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Spatial exploration induces ARC, a plasticity-related immediate-early gene, only in calcium/calmodulin-dependent protein kinase II-positive principal excitatory and inhibitory neurons of the rat forebrain.

Vazdarjanova A, Ramirez-Amaya V, Insel N, Plummer TK, Rosi S, Chowdhury S, Mikhael D, Worley PF, Guzowski JF, Barnes CA
The Journal of comparative neurology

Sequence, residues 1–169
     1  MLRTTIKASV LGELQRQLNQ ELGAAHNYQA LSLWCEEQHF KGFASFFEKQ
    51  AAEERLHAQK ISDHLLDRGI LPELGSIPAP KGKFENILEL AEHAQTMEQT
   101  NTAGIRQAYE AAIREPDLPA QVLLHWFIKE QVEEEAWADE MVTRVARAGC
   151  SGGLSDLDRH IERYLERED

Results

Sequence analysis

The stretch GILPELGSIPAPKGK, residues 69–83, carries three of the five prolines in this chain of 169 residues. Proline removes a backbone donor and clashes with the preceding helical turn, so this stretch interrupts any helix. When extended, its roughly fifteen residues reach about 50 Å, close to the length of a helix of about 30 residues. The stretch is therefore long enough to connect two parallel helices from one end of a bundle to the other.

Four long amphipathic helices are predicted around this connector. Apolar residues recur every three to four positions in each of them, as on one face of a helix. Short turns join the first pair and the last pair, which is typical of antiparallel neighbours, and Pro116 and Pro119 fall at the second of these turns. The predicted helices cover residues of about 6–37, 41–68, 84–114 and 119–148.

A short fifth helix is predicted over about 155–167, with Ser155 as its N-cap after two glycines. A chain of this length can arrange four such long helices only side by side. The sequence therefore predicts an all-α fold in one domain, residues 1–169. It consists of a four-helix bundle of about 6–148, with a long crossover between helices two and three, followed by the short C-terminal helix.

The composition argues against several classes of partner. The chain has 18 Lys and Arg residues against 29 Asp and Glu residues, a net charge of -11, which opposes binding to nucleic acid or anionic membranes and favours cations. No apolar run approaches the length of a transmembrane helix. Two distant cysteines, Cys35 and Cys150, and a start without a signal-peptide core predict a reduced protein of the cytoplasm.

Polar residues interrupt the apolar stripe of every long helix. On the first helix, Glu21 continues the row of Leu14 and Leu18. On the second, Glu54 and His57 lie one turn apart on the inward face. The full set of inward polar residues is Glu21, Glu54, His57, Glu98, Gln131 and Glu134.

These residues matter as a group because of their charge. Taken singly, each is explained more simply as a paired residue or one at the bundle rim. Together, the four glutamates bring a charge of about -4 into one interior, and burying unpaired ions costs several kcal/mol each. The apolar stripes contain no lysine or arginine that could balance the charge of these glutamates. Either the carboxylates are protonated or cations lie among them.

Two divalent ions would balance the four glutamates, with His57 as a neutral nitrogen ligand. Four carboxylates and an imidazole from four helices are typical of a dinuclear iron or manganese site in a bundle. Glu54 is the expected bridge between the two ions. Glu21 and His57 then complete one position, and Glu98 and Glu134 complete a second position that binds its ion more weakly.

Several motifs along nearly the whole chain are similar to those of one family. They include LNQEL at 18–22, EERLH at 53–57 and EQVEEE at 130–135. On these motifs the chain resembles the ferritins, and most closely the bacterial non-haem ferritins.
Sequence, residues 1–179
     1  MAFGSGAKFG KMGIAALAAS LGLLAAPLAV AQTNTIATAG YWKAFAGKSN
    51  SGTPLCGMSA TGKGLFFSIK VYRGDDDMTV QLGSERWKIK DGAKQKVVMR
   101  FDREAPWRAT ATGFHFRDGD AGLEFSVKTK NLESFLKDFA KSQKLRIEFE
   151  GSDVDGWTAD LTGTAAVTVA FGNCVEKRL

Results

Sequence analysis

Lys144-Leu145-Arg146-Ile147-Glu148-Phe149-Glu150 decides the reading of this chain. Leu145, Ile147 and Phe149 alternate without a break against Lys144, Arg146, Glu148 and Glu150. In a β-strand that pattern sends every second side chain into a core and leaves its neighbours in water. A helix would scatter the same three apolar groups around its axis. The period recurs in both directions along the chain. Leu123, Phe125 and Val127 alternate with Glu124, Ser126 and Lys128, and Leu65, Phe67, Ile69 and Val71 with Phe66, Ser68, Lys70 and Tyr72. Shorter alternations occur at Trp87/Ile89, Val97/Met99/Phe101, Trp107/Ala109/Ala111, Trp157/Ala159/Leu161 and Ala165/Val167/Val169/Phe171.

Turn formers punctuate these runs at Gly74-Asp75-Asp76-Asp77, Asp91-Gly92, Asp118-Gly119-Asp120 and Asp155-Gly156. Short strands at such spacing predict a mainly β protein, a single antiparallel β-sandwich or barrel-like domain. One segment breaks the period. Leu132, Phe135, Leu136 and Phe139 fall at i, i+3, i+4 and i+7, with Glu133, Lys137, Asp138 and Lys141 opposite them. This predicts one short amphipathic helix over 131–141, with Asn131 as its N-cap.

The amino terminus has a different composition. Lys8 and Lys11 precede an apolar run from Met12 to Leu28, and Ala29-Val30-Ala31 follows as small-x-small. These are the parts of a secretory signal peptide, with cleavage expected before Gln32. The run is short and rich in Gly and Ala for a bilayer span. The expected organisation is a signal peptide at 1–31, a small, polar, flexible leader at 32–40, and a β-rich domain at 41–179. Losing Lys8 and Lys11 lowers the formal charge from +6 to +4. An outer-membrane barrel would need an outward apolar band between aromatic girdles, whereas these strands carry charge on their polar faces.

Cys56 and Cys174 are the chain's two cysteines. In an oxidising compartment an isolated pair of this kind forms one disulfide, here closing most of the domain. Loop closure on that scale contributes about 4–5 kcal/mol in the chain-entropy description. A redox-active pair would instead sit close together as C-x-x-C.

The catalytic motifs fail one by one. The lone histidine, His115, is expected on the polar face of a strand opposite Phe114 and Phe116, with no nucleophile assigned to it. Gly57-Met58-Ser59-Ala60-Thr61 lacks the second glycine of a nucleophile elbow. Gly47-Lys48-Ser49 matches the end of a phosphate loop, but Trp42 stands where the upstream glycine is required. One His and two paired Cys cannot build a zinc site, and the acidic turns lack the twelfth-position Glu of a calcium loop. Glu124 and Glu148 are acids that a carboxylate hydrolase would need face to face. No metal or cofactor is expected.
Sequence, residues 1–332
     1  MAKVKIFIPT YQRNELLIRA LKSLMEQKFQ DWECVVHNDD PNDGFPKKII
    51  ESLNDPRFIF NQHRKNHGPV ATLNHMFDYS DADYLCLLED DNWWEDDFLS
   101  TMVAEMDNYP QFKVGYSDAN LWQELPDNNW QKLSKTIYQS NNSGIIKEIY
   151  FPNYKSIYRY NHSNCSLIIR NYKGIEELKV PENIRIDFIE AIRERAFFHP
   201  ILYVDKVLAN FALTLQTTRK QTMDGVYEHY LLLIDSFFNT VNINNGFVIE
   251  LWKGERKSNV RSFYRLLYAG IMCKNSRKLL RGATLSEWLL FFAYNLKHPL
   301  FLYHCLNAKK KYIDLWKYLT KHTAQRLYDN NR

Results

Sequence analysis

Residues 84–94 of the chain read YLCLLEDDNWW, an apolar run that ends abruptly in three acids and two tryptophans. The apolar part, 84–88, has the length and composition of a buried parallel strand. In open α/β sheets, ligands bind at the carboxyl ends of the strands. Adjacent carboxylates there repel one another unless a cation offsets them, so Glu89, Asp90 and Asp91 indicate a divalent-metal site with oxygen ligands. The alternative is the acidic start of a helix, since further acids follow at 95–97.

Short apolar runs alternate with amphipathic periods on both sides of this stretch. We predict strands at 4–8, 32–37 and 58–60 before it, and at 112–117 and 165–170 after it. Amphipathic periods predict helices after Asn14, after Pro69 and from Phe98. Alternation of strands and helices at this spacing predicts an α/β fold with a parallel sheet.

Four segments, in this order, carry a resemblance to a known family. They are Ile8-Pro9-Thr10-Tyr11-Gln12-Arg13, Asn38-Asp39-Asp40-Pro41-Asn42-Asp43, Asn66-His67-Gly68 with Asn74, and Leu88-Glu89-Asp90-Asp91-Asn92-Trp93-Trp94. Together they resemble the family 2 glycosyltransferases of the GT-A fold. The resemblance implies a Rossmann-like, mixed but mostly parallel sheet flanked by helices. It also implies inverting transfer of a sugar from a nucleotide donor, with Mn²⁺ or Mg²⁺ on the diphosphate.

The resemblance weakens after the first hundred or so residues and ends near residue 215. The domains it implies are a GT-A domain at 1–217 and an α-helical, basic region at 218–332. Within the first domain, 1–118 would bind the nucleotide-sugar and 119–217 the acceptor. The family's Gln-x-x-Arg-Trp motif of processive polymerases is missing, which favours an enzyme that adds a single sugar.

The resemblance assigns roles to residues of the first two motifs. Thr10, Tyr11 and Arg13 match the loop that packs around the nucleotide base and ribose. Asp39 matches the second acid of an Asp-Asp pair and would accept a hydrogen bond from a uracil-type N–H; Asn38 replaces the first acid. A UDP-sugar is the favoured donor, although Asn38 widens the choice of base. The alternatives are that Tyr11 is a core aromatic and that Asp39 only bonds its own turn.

Active behavior, such as exploring a novel environment, induces the expression of the immediate-early gene Arc (activity-regulated cytoskeletal associated protein, or Arg 3.1) in many brain regions, including the hippocampus, neocortex, and striatum. Arc messenger ribonucleic acid and protein are localized in activated dendrites, and Arc protein is required for the maintenance of long-term potentiation and memory consolidation. Although previous evidence suggests that Arc is expressed in neurons, there is no direct demonstration that only neurons can express Arc. Furthermore, there is no characterization of the main neuronal types that express Arc. The data reported here show that behavior- or seizure-induced Arc expression in the hippocampus, primary somatosensory cortex, and dorsal striatum of rats colocalizes only with neuronal (NeuN-positive) and not with glial (GFAP-positive) cells. Furthermore, Arc was found exclusively in non-GABAergic alpha-CaMKII-positive hippocampal and neocortical neurons of rats that had explored a novel environment. Some GAD65/67-positive neurons in these regions were observed to express Arc, but only after a very strong stimulus (electroconvulsive seizure). In the dorsal striatum, spatial exploration induced Arc only in GABAergic and alpha-CaMKII-positive neurons. Combined, these results show that although a very strong stimulus (seizure) can induce Arc in a variety of neurons, behavior induces Arc in the CaMKII-positive principal neurons of the hippocampus, neocortex, and dorsal striatum. These results, coupled with recent in vitro findings of interactions between Arc and CaMKII, are consistent with the hypothesis that Arc and CaMKII act as plasticity partners to promote functional and/or structural synaptic modifications that accompany learning.

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